Anyone eager to vote in next month’s general election but not yet on the electoral roll must have registered before midnight on Monday.
Prime Minister Theresa May’s call for a general election means the UK will go to the polls on Thursday 8 June.
You are eligible to vote in the general election if:
- You're a British, Irish or Commonwealth citizen aged 18 or over currently living in the UK.
- You're a British citizen aged 18 or over who's been registered to vote in the UK in the past 15 years.
If you want to vote in next month's election you must have registered by 11.59pm on Monday night at the very latest.
How to register
Check if you're registered to vote by getting in touch with your local authority. Enter your postcode on Gov.uk to find your local electoral registration office and contact it directly.
If you were registered for last June's Brexit referendum or for the local elections on 4 May this year, AND you still live at the same address, you should already be registered to vote – but if not, you need to register by 11.59pm on Monday night.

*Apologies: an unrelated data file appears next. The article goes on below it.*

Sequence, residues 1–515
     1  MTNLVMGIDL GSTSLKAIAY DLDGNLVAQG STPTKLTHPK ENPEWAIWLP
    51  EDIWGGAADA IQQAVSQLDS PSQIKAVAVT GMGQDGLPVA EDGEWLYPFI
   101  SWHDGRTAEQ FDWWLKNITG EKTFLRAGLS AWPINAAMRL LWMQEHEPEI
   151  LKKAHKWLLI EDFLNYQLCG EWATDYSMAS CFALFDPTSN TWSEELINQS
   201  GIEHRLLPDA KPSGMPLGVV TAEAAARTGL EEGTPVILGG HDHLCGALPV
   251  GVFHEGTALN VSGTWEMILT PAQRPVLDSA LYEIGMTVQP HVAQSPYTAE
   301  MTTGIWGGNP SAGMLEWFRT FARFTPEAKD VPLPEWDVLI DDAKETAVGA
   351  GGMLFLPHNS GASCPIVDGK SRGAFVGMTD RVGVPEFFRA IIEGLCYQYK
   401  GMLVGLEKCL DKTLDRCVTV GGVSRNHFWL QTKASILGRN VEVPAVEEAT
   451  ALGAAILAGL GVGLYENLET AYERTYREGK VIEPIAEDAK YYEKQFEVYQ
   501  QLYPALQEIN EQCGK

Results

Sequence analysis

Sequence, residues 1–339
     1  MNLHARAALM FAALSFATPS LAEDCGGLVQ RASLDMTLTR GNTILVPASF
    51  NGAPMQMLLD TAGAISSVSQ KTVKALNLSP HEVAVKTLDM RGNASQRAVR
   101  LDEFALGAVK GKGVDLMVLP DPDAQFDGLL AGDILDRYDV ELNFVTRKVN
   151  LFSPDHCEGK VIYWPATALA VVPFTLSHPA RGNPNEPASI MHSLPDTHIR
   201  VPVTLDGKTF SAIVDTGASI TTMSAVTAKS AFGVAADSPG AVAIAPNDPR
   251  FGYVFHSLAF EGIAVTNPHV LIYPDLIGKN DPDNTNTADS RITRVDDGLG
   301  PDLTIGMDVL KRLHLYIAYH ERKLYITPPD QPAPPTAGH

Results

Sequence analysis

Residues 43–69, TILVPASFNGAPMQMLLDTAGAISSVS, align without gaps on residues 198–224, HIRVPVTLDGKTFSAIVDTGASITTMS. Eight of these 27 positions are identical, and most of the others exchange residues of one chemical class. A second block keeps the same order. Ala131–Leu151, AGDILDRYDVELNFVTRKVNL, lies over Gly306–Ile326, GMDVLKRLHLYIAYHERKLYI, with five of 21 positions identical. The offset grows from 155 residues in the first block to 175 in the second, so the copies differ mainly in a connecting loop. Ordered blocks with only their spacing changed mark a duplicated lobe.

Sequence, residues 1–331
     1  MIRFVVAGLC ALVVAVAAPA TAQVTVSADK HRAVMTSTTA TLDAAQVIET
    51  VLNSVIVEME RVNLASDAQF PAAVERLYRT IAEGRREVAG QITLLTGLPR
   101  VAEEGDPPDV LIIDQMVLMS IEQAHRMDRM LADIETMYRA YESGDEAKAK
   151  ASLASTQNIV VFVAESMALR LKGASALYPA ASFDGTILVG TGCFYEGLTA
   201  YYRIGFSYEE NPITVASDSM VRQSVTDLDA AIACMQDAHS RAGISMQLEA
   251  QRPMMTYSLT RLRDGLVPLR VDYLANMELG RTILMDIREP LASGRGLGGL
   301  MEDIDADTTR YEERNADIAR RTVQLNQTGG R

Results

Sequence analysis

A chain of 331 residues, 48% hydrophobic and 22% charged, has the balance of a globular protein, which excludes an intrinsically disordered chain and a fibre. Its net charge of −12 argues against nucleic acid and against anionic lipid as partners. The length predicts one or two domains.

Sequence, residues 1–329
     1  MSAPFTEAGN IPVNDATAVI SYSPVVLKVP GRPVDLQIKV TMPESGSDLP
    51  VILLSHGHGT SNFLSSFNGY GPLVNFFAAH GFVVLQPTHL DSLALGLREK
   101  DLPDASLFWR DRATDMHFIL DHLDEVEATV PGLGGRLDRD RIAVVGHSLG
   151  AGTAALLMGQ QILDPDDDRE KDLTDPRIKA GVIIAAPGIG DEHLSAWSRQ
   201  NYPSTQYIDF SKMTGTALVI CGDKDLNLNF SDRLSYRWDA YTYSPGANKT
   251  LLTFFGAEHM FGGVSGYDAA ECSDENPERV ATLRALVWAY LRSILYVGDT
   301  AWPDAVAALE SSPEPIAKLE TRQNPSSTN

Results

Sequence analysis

If you're not on the electoral roll, visit Gov.uk to register to vote in England, Scotland and Wales. Registering online takes about three minutes.
To register in Northern Ireland, visit the Your Vote Matters website to download the form and return it to your local area electoral office (though check what time it closes, most are open until 4.30pm).
Why is it important to register to vote?
This year MoneySavingExpert has been working with campaigning organisation Bite The Ballot to encourage 18 to 24-year-olds – the age category least likely to participate in elections – to register to vote.
We've got five key reasons why registering to vote is important:
'Have a say in the biggest consumer decision of the year, so you and your generation won't be ignored'
The UK's leading consumer rights campaigner Martin Lewis, MoneySavingExpert.com founder, gave us his view of why you should register to vote, whatever your age.